deadpool 2 fox

Source: 20th Century Fox

‘Deadpool 2’

Although the first month of the year is not over yet for a few more days, January 2019 is set to be a month of negative growth compared to the same period last year.

After an eight-month delay on most other territories, Deadpool 2 finally arrived but it failed to revitalize the lackluster Chinese box office in the period of Jan 21-27 which saw a marginal week-on-week decrease for three straight weeks.

Fox/Marvel’s superhero sequel took the box office crown with an underwhelming $21.6m from its three-day opening weekend. The PG-13 version (with a Chinese title Deadpool 2: I Love My Home) is reportedly the same as the Once Upon A Deadpool family-friendly cut which premiered last December in North America. This is the first theatrical release for a Deadpool film in China, as the 2016 first film, rated R, only received special screenings at the Beijing International Film Festival.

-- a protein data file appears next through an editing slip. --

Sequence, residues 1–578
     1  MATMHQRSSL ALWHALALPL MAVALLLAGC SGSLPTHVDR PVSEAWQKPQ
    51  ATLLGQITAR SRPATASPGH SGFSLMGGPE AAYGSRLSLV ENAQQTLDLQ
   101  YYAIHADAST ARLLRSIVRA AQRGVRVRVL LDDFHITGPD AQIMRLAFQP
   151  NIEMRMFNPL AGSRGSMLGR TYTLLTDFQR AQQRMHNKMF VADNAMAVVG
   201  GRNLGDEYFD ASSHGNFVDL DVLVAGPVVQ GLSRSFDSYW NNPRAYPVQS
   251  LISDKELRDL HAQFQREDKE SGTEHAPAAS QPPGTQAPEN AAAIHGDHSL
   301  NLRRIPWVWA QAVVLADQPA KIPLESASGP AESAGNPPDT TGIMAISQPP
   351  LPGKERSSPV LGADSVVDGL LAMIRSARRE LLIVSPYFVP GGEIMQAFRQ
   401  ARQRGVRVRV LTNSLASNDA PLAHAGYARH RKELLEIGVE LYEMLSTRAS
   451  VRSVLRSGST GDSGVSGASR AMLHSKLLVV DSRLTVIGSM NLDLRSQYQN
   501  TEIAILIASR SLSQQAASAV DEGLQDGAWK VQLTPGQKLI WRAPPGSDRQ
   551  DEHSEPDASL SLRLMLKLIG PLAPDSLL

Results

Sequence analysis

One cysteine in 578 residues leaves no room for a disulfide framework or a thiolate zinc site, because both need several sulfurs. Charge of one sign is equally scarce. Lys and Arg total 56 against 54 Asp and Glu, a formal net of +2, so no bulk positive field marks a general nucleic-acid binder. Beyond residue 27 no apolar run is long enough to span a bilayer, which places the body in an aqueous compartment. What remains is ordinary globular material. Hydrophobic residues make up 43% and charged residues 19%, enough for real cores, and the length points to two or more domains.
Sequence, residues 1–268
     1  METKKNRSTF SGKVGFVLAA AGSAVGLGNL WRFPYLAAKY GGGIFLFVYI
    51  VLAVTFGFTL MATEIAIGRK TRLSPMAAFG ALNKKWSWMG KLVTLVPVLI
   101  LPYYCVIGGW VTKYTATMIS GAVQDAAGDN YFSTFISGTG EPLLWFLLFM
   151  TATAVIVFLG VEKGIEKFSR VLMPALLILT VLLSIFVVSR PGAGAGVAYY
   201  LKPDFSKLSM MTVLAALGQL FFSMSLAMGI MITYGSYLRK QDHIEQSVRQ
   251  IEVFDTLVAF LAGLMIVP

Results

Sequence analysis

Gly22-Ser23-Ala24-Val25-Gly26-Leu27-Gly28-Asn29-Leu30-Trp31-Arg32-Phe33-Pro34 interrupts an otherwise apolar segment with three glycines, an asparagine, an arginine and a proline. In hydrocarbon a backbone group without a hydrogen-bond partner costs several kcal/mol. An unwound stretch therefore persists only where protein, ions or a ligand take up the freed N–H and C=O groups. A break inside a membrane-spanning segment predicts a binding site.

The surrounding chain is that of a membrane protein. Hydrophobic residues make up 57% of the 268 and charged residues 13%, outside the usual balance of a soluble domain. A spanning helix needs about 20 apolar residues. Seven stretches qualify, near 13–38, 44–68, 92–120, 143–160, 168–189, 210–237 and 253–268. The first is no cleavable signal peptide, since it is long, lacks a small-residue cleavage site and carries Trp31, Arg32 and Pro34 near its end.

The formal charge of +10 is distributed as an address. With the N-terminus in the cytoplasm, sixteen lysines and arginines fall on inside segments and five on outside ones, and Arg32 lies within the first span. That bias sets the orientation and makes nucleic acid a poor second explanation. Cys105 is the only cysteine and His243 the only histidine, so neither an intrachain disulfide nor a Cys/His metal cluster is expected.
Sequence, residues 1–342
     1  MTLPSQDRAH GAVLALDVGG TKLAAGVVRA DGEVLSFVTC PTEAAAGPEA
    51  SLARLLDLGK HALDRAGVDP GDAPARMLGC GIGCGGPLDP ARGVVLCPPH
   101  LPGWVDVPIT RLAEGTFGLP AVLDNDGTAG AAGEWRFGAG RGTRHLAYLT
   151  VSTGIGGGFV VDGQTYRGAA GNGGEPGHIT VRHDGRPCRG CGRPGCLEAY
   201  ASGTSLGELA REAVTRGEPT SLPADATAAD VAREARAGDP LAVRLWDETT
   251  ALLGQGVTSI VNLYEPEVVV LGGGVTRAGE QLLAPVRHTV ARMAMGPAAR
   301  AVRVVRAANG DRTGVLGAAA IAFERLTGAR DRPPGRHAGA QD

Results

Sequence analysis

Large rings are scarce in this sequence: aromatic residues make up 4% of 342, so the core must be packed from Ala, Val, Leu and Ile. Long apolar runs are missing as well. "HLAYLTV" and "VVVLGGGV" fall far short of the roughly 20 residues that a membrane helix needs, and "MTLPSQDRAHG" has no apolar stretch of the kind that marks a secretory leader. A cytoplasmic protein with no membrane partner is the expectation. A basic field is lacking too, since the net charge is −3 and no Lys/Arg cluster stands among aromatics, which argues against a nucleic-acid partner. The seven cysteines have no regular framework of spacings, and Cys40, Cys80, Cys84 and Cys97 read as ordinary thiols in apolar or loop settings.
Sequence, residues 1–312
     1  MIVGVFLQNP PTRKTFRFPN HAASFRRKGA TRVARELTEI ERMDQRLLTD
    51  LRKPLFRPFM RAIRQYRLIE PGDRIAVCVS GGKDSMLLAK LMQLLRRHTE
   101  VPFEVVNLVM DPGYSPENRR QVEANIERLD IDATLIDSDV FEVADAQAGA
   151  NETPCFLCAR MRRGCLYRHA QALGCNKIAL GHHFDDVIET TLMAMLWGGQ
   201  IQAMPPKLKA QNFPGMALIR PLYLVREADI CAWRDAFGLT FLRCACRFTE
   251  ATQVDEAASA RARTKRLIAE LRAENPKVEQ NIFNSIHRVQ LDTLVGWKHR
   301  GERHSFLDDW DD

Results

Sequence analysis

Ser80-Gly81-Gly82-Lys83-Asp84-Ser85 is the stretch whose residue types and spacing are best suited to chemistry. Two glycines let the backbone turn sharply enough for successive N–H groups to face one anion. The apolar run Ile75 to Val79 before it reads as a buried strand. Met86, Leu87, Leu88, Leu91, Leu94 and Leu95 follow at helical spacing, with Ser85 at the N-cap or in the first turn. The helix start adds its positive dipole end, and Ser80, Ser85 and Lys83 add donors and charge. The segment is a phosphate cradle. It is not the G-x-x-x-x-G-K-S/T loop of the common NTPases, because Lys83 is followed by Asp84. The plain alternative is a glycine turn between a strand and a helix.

Light Chaser Animation/Warner Bros’ White Snake continued to gain traction in its third week and climbed one place further to second, taking in $19m which was more than its second week gross. Standing at $42.6m after 17 days, it has become the fifth biggest local animation, after Monkey King: Hero Is Back, Boonie Bears: The Big Shrink, Bigfish & Begonia and Boonie Bears: Entangled Worlds.

After staying top for three weeks, Paramount’s Transformers prequel Bumblebee dropped to third with $17m for $151.1m after 24 days. China is the film’s top foreign market by a large margin, even bigger than North America by about 25%.

Sony’s psychological thriller Escape Room maintained in fourth with $13.3m for $21.6m after 10 days, while The Big Shot, the Chinese remake of 2015 Korean crime thriller Veteran, has become the biggest film for Chinese actor Wang Qianyuan when it earned $9.2m for $47.8m after 18 days.

Boonie Bears: Blast Into The Past from popular local animated franchise added $3.5m for $5.6m based on previews only. It was followed by post-apocalyptic Mortal Engines on $2.4m for $6.5m; Herman Yau’s Hong Kong housing comedy A Home With A View on $1.9m for $3.7m; Columbia Pictures/Bona Film Group’s family film A Dog’s Way Home on $1.6m for $4.5m; and local animation Dragon Force – Rise Of Ultraman on $1.1m for $3.1m, all after 10 days. 

With just one more week to go before Chinese New Year, the Chinese audiences can hardly wait to catch the festive tentpoles. Pre-sales have started, with Crazy Alien, Pegasus and The New King Of Comedy leading the pack in the top three so far.